Logical Empiricism and Naturalism: Neurath and Carnap's Metatheory of Science (Vienna Circle Institute Library #8) (Hardcover)
This text provides an extensive exploration of the relationship between the thought of Otto Neurath and Rudolf Carnap, providing a new argument for the complementarity of their mature philosophies as part of a collaborative metatheory of science. In arguing that both Neurath and Carnap must be interpreted as proponents of epistemological naturalism, and that their naturalisms rest on shared philosophical ground, it is also demonstrated that the boundaries and possibilities for epistemological naturalism are not as restrictive as Quinean orthodoxy has previously suggested. Both building on and challenging the scholarship of the past four decades, this naturalist reading of Carnap also provides a new interpretation of Carnap's conception of analyticity, allowing for a refutation of the Quinean argument for the incompatibility of naturalism and the analytic/synthetic distinction. In doing so, the relevance and potential importance of their scientific meta-theory for contemporary questions in the philosophy of science is demonstrated.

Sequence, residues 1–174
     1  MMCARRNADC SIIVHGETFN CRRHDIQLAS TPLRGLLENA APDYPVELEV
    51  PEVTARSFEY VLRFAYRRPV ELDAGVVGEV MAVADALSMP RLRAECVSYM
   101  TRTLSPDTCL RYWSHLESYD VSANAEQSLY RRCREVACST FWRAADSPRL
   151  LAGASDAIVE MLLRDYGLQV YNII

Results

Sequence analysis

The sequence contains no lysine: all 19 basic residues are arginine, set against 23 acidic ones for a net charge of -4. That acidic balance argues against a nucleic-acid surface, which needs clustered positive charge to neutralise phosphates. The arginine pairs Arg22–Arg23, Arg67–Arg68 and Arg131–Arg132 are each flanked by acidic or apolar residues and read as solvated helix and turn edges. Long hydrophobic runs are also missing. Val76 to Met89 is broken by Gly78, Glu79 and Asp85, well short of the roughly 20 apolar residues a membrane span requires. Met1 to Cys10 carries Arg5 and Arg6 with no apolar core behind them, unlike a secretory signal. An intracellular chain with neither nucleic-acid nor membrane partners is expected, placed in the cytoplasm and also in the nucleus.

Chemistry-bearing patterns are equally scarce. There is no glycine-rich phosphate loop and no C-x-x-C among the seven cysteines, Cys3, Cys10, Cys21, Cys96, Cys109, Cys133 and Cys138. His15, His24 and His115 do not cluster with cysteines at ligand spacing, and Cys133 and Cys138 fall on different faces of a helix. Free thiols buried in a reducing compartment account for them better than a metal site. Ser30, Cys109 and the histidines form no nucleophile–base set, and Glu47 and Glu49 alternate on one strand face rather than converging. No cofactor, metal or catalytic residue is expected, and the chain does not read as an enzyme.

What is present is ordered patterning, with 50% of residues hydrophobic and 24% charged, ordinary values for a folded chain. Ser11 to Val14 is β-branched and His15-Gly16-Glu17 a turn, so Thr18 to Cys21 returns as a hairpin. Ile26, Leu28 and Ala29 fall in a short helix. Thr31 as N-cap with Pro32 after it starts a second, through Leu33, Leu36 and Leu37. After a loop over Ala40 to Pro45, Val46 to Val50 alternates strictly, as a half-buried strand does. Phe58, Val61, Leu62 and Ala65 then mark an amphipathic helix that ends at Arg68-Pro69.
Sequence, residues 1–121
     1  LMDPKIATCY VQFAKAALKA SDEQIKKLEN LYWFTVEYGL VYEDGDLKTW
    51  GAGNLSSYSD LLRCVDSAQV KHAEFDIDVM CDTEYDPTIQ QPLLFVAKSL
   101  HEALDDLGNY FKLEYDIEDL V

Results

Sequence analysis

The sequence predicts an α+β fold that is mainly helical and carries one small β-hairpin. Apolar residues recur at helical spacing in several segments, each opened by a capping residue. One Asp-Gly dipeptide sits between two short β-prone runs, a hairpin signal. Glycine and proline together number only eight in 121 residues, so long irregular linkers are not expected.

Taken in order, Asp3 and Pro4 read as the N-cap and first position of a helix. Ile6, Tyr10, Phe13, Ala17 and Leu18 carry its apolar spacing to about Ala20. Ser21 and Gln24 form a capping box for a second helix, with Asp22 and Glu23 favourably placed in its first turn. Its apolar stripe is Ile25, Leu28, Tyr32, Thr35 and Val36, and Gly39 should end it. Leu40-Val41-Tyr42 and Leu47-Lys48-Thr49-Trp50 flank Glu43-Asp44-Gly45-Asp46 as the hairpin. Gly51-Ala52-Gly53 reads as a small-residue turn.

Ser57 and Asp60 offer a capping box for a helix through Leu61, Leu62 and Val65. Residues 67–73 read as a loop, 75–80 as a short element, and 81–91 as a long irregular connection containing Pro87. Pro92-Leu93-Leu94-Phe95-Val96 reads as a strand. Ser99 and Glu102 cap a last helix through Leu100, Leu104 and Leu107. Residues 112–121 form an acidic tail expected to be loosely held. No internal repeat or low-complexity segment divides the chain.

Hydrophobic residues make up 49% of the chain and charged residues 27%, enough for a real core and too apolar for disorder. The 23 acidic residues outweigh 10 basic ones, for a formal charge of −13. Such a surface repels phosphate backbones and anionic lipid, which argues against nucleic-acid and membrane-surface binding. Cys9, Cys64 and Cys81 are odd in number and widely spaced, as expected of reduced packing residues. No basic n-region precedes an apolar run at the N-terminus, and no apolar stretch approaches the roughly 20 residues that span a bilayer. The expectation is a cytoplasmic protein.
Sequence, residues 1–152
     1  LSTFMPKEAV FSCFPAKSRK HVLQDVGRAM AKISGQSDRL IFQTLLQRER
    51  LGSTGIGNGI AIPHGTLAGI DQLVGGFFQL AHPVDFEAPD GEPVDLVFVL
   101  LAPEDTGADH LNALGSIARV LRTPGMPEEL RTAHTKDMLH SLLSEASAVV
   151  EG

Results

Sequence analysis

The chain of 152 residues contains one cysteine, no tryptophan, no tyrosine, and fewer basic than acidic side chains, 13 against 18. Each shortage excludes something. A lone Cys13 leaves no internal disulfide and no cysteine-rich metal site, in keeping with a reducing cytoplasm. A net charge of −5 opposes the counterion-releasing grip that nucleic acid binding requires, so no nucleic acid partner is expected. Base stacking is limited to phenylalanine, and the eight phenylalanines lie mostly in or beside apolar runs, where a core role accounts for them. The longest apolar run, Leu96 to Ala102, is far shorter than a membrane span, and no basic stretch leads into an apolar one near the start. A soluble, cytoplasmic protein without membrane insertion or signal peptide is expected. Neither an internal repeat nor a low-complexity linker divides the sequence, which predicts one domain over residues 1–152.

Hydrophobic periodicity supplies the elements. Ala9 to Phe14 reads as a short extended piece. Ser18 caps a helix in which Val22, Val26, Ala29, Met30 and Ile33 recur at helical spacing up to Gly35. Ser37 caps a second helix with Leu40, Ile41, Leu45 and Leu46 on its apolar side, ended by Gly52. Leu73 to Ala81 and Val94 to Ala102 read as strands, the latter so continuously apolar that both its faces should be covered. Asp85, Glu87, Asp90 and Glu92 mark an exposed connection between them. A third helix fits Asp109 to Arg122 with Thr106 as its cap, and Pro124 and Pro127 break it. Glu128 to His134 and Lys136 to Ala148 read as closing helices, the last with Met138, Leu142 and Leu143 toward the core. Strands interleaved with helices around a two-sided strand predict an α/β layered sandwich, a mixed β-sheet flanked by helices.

This text appeals to students and researchers working on Logical Empiricism, Quine, the history of analytic philosophy and the history of philosophy of science, as well as proponents of naturalized epistemology.
About the Author
Dr. Bentley's primary interests are in the history of analytic philosophy and the history of philosophy of science, and in applying the insights gained from these historical studies to contemporary issues, primarily in philosophy of science and epistemology. His recent research focuses particularly on the work of Otto Neurath and Rudolf Carnap, and explores their respective projects providing a meta-theory for science. He is attempting to demonstrate the compatibility of their two projects as a form of naturalized epistemology which retains a conventional analytic/synthetic distinction, and is therefore distinct from more familiar Quinean approaches to epistemological naturalism.